Fishing With Lures From The Shore
Lure Angling Tips For Saltwater Fish Species In South Africa
saltwater angling species love lures... Hard plastics, soft plastics, spoons, poppers and plugs are amongst the best. Lure angling is a great way to fish, especially for those of you anglers who do not like touching bait or washing the bait smell of your hands. It is really a relaxing form of fishing... Until that game fish eats your lure and the adrenaline starts pumping!Most of us fisherman really enjoy throwing a lure every now and then if not as much as possible. It is a really fun way to catch a fish. People often do not catch fish with lures because they do not know enough about the fishes habits or the tides. These factors are arguably more important than a lure choice along the shores of South Africa. I am going to give you some advice which hopefully will help you catch more fish on lures, and hopefully some memorable fish. A lot of South African
When you fish with a lure you are essentially targeting game fish species. From the shore you can expect to catch fish on lures like: Garrick, Kingfish, Shad, Kob, Snoek, Couta (King Mackerel), Barracuda and the occasional Yellowtail or Rockcod. The best time to fish with lures to catch these fish is early morning; before sunrise. Late afternoon and into the evening is also a very good time. I find that when it is high tide you have more success. Perseverance is key to catching fish on lures. Lure fishing is an art and if you don't get a bite in 10 minutes change the colour or type of your lure to entice that Garrick to eat... The best types of lures to cast from the shore: Spoon, Jig, Open Faced Popper, Popper, Chisel Nosed Plug, diving lures (Halco's and Rapala's). Keep moving around and look for structure and feeding fish, remember you will not catch any fish if they are not there... Once you have found an area that has feeding fish, you will more likely than not catch fish at the location every time! Trolling lures inshore in rivers and estuaries is also very effective, have a look at this page for tips and best lure choices...
Where To Fish?
The best places to fish with lures from the shore are in river mouths, onto sandbanks, into gullies and above reefs or rocky areas. When fishing into the surf I would advise you to throw quite a heavy lure, such as a spoon or a plug, for more casting distance whereas in a river mouth I would advise you to throw a popper or Rapala type lure. A lot of fish will attack the lure if it looks authentic enough so remember to vary your retrieve speeds and what depth you fish your lure. Read more about saltwater fishing locations...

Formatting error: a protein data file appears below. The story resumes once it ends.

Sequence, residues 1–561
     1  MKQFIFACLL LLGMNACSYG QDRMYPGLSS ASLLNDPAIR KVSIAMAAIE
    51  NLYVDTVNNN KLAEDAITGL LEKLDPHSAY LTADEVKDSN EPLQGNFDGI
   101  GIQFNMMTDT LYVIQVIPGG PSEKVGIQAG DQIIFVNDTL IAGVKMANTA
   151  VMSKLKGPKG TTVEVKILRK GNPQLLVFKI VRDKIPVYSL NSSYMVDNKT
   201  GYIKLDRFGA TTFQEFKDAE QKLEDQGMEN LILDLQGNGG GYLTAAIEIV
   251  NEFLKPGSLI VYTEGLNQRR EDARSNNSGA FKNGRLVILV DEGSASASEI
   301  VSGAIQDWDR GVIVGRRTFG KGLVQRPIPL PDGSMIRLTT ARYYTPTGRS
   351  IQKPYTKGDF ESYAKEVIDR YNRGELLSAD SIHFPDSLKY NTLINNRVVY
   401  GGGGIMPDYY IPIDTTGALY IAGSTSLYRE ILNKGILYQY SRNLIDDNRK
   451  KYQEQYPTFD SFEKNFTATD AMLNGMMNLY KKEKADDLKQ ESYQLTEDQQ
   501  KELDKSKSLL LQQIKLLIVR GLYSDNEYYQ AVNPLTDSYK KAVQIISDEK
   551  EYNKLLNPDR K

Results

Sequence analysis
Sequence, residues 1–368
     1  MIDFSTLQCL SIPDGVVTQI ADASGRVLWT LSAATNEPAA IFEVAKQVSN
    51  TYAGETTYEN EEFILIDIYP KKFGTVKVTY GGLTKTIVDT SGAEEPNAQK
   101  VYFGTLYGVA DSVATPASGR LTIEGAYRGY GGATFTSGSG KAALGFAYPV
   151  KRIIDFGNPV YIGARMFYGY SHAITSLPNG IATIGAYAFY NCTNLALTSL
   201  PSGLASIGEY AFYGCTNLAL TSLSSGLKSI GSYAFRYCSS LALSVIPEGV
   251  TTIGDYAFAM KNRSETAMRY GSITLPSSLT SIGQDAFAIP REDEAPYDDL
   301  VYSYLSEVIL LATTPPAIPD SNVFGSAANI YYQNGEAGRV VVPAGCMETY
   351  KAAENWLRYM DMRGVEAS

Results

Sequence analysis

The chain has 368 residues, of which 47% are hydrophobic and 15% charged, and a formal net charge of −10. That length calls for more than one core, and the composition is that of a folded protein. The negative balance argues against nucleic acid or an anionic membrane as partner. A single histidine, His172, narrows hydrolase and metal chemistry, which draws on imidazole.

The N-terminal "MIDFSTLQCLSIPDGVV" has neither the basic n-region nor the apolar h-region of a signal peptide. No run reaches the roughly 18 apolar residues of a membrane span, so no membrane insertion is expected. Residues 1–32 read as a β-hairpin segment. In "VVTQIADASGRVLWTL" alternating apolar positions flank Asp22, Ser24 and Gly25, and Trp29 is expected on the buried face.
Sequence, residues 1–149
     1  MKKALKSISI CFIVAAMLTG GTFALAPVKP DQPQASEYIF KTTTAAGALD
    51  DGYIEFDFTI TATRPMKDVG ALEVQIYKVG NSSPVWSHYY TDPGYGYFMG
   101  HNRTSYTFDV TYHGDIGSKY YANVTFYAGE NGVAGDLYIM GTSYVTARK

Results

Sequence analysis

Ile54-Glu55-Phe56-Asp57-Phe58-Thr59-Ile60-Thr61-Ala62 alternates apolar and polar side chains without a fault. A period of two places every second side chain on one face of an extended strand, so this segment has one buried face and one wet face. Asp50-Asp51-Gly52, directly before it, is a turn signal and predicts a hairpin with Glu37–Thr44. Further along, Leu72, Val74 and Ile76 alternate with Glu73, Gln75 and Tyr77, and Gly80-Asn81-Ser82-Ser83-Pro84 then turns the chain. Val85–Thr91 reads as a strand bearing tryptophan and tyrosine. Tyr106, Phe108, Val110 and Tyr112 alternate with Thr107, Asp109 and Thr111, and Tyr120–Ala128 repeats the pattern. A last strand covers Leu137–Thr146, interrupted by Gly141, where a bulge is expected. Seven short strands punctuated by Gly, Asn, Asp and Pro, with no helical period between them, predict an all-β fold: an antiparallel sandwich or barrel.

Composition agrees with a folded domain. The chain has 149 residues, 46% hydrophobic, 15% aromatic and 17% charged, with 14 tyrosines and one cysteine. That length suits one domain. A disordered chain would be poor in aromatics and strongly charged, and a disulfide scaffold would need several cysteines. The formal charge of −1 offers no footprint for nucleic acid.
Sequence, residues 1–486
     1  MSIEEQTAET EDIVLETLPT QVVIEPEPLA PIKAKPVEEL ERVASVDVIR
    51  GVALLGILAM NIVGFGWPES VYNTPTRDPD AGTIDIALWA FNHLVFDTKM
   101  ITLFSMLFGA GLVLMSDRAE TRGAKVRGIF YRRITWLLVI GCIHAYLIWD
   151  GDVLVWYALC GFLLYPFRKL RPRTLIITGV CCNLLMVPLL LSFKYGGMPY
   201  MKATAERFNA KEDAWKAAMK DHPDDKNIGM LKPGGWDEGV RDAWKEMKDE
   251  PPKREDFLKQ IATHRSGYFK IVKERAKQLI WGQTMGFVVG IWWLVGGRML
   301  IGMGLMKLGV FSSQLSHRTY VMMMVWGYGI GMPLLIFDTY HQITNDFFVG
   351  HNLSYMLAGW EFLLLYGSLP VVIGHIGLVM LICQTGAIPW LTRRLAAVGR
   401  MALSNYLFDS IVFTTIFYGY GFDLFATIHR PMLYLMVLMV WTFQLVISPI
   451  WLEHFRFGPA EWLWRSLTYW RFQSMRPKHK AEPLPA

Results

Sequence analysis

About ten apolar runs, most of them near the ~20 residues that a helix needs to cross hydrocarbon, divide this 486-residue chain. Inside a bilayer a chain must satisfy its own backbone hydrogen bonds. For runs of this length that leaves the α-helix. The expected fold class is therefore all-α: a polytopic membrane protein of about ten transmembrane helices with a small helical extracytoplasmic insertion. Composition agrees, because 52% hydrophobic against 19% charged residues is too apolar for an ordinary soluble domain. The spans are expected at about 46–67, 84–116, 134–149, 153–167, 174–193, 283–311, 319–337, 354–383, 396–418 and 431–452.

What Lures To Buy?
I find that Halco and Rapala lead the market in terms of quality and authenticity, you can't go wrong with some of the poppers and diving lures these 2 brands offer. Bite Me jigs also are very good if you want a quick sinking spoon like lure. As far as actually spoons go, here are some of the best ones to look out for: The Sheppie Bomber, Bullet Spoon and S-Spoon are very good and have been tried and tested over many years. These spoons should give you positive results! Strike pro lures, enticer lures, Sebile and other name brands are also a good buy! Just remember the fish do not mind if the lure you are throwing is a R120 Rapala or a R20 no name brand... One lure you should definitely have in your tackle box is the Halco Sorcerer. The Halco Twisty and Chrome spoons are also really good and are available in a number of different sizes.
How To Cast A Lure Or Spoon?
It is a fairly simple process to cast a lure but if you have not done it before it might be a little confusing... The 3 pictures below provide you with the perfect example on how to cast a lure... Preferably you should fish with a coffee grinder reel from size 2500 to size 4500 with a light spinning rod from 5 feet to 9 feet in length... Braid is recommended when fishing with lures, but you can also fish spoons and hard plastics with monofilament line. You should try fish as light as possible, from 7lb line up to 18lb. Nothing more than that. Watch out for wind knots in your line which develop after a lot of casting into the wind. Wind Knots decrease your line strength by half so if you see a wind knot, cut off your lure and retie it... Below is a lure casting tutorial done by Stephan Fuchsloch...
Always check your hooks before you cast your lure, you do not want to loose a fish of a lifetime because the hooks on your lure were too blunt or rusty.
- Test the strength of your knot thoroughly.
- Adjust you drag accordingly when fighting the fish.
- Before you use a lure, test it in your swimming pool or in shallow water to see it's action: From there you will see how you can improve it.
Enjoy fishing with your lure, its heart pumping stuff. Especially if you know the fish are there; the adrenaline just pumps through your body!